|South-Central Section–40th Annual Meeting (6–7 March 2006)|
|Paper No. 7-7|
|Presentation Time: 1:30 PM-5:10 PM|
CRETACEOUS NORTH AMERICAN DINOSAUR PALEOBIOGEOGRAPHIC PROVINCES REVISITED
MAIN, Derek J., Dept. of Earth and Environmental Sciences, The Univ of Texas at Arlington, Arlington, TX 76019-0049, email@example.com and SCOTESE, Christopher R., Geology, U. Texas at Arlington, PALEOMAP Project, 700 Tanglewood Lane, Arlington, TX 76012|
The post Pangean world of the Cretaceous was a time of continued paleogeographic evolution. Tectonically, North America became connected to Eurasia via the Beringian land bridge allowing for the dispersal of dinosaurs between Asia and the Americas. Eustatically, the Late Cretaceous high stand united the interior continental seas of the Early Cretaceous and created two separate paleogeographic regions; Laramidia and Appalachia. Previous researchers have proposed dividing the North American continent into northern and southern paleobiogeographic provinces using Late Cretaceous dinosaur faunas. This project proposes to further subdivide the known paleobiogeographic provinces of Late Cretaceous dinosaurs in North America. With the development of new paleobiogeographic maps of Late Cretaceous (Campanian – Maastrichtian) dinosaur distributions, it has become apparent that North America may be further subdivided into four paleobiogeographic zones. The paleobiogeographic zones proposed are; the Northwest Laramidian, the Southwest Laramidian, the Northeast Appalachian and the Southeast Appalachian. These zones are largely established by dispersal barriers created by the Late Cretaceous high stand and the unique faunas that evolved within the separate Laramidian and Appalachian realms. A time slice series of Late Cretaceous paleobiogeographic maps will be presented that plot the distributions of dinosaurs from the Campanian to the Maastrichtian of North America. The new paleobiogeographic maps provide a framework for understanding dinosaur distributions and biogeographic provinciality during a time of continued paleogeographic change.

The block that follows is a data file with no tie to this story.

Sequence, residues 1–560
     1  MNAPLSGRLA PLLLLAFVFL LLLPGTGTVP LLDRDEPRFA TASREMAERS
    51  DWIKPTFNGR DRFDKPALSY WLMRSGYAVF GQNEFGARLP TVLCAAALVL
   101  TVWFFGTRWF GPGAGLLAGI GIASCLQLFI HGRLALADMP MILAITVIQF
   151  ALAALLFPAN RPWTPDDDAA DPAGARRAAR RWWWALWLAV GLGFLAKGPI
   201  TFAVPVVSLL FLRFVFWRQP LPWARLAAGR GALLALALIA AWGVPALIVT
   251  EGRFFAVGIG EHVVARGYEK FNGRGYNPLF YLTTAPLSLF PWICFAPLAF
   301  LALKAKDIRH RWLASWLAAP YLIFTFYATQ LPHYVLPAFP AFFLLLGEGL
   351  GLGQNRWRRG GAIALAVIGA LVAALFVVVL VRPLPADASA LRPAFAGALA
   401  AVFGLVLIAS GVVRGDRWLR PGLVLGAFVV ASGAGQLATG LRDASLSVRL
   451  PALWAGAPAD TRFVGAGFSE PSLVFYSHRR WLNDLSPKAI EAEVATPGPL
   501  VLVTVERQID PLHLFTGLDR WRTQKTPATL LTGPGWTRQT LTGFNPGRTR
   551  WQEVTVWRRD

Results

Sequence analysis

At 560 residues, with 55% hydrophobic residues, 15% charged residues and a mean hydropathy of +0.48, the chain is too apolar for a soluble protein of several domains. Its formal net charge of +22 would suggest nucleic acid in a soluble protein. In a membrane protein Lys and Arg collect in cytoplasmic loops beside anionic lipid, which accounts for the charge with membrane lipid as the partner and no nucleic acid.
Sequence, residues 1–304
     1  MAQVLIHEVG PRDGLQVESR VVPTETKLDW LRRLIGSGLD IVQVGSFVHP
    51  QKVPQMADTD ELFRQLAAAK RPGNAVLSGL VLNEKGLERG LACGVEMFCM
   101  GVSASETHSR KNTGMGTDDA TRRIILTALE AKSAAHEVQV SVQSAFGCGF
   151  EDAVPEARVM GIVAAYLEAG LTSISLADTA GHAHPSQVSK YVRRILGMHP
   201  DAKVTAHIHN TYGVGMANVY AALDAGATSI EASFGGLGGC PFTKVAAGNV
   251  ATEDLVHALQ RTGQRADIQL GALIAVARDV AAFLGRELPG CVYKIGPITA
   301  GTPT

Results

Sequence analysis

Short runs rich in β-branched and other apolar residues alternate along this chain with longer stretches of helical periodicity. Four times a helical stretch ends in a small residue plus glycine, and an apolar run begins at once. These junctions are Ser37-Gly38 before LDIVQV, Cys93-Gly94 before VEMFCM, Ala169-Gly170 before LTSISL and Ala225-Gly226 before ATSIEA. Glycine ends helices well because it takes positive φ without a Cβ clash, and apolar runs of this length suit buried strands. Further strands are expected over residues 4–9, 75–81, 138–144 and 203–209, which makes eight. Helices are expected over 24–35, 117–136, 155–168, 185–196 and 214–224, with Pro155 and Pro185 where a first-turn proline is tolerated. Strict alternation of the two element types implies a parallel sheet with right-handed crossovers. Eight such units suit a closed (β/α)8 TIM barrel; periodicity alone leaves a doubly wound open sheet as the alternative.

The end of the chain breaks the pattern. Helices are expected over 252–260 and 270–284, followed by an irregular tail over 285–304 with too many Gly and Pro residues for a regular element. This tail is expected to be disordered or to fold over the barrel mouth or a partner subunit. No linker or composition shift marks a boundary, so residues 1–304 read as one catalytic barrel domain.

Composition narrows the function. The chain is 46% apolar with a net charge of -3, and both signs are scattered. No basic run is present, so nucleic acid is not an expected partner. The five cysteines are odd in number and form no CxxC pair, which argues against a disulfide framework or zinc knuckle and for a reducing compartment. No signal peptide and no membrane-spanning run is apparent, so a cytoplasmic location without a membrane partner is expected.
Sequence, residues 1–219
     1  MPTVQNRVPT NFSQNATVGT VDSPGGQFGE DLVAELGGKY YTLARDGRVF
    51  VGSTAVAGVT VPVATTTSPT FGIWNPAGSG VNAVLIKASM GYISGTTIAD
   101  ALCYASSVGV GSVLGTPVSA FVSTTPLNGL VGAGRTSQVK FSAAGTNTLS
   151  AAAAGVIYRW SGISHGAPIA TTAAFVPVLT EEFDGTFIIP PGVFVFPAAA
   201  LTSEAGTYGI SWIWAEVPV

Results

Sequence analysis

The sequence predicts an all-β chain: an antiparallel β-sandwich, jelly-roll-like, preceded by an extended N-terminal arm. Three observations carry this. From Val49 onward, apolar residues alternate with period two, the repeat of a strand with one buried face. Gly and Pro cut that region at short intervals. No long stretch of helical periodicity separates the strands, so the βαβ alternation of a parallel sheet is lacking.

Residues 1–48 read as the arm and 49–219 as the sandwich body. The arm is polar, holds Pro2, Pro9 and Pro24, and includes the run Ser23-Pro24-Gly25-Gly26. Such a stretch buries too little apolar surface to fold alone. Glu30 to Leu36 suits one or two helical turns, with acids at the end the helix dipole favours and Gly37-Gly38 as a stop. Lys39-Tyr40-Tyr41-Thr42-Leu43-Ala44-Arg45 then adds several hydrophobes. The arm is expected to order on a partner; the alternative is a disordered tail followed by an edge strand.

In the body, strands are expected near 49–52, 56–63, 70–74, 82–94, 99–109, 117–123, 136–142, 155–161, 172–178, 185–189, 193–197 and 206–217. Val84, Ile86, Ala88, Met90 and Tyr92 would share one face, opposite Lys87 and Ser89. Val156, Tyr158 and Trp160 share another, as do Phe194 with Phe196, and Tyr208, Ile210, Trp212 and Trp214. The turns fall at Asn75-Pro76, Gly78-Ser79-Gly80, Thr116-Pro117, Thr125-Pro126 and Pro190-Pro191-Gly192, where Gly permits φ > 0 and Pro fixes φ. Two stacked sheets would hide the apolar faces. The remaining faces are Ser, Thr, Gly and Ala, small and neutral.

South-Central Section–40th Annual Meeting (6–7 March 2006)
General Information for this Meeting
|Session No. 7--Booth# 7|
University of Oklahoma, College of Continuing Education: Room A-2/4/6
1:30 PM-5:10 PM, Monday, 6 March 2006
Geological Society of America Abstracts with Programs, Vol. 38, No. 1, p. 29
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